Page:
Clarence Alexander Long Time Jukebox Contributor is Honored by President Obama
Watch Clarence's climate change interview at Stakeholders & Climate Change
FAIRBANKS — A Fort Yukon man is one of 13 Americans who will receive the second-highest civilian honor from President Obama next week.
Clarence Alexander, 72, is a co-founder of the Yukon River Inter-Tribal Watershed Council, which is dedicated to the clean-up and preservation of the Yukon River, and helped create the “Gwich’in Dictionary” with his wife, Virginia.
Alexander was chosen from about 6,000 nominees for the Presidential Citizens Medal. Obama chose the 13 recipients, whose work in their communities has had major impacts, but hasn’t garnered national attention.
“This year’s recipients of the Citizens Medal come from different backgrounds, but they share a commitment to a cause greater than themselves,” said President Obama. “They exemplify the best of what it means to be an American, and I am honored to be able to offer them a small token of our appreciation.”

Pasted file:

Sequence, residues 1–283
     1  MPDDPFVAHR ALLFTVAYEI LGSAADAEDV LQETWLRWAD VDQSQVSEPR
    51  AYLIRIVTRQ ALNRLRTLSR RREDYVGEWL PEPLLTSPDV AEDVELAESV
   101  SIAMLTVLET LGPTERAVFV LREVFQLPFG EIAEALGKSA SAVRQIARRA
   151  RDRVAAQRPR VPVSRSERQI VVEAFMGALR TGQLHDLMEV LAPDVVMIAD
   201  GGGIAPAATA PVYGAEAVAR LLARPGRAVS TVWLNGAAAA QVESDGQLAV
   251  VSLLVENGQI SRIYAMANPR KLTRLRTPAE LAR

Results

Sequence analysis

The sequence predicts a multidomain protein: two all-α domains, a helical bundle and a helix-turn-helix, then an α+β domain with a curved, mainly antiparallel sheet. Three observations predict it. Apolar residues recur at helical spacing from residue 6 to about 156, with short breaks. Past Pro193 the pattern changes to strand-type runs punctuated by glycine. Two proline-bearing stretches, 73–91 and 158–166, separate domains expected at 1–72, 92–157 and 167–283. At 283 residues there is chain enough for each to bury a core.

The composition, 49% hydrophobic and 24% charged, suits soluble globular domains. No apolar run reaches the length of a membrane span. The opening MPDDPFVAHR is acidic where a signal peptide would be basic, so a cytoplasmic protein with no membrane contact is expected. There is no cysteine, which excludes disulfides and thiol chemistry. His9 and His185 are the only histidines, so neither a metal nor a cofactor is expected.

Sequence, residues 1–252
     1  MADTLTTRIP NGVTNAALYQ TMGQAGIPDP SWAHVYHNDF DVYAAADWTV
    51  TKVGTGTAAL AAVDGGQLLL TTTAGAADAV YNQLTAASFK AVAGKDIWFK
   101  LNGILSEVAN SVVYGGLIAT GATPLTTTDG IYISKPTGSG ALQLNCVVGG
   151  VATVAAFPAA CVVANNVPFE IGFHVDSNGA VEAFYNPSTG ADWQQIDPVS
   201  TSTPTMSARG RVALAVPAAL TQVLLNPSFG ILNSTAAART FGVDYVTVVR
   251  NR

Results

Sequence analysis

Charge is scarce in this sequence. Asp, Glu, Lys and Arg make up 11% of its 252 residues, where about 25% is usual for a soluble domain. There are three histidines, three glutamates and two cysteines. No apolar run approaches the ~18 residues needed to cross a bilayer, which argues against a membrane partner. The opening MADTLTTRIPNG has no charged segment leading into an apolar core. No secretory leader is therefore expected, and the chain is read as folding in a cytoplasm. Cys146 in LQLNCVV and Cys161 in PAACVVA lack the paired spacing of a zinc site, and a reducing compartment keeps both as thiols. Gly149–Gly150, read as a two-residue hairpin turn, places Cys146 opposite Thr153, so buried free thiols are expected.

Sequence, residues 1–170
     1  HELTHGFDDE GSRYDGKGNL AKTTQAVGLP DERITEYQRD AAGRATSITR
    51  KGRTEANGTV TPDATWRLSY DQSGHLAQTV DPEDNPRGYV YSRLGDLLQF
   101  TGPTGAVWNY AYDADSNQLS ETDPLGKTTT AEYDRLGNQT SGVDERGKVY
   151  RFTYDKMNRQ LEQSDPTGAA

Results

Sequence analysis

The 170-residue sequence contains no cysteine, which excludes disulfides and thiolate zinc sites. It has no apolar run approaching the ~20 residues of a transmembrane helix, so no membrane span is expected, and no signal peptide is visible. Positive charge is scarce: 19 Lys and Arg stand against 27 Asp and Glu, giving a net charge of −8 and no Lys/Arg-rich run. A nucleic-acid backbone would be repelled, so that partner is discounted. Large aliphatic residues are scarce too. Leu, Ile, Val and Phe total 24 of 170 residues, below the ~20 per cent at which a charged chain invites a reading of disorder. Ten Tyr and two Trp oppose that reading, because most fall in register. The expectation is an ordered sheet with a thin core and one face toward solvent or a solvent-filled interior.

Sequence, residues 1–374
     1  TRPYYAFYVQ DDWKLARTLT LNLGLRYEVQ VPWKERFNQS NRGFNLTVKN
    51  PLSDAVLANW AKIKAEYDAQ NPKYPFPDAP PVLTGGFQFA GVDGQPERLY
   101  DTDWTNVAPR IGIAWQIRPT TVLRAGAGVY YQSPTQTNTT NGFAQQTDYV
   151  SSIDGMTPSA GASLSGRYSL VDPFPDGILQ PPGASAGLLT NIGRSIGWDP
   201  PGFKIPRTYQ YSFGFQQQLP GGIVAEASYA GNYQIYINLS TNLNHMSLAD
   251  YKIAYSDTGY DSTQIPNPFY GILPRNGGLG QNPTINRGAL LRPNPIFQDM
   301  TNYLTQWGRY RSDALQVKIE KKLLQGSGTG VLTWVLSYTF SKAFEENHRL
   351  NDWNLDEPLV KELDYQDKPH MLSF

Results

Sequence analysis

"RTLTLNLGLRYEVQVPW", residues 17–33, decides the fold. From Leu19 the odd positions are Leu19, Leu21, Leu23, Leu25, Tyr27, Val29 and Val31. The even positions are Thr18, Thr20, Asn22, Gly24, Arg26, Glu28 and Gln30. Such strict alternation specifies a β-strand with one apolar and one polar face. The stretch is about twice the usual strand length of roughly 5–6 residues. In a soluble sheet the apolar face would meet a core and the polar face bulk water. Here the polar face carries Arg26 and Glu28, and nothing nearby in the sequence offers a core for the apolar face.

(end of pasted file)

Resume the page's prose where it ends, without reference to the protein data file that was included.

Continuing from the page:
Obama gave the following reason for Alexander’s recognition: “Sometimes called the ‘grandfather of tribal government’ in Alaska for his long-held role as Chief of Fort Yukon, Clarence Alexander has done extensive work cleaning up the Yukon River, resulting in closure of numerous open-burning dumps and the removal or recycling of millions pounds of waste. Alexander is former Grand Chief of the Gwich’in people of Alaska. Alexander receives the Citizens Medal for demonstrating how much good a dedicated leader can accomplish.”
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by Reba Leanfirstname.lastname@example.org
10.13.11 - 11:06 pm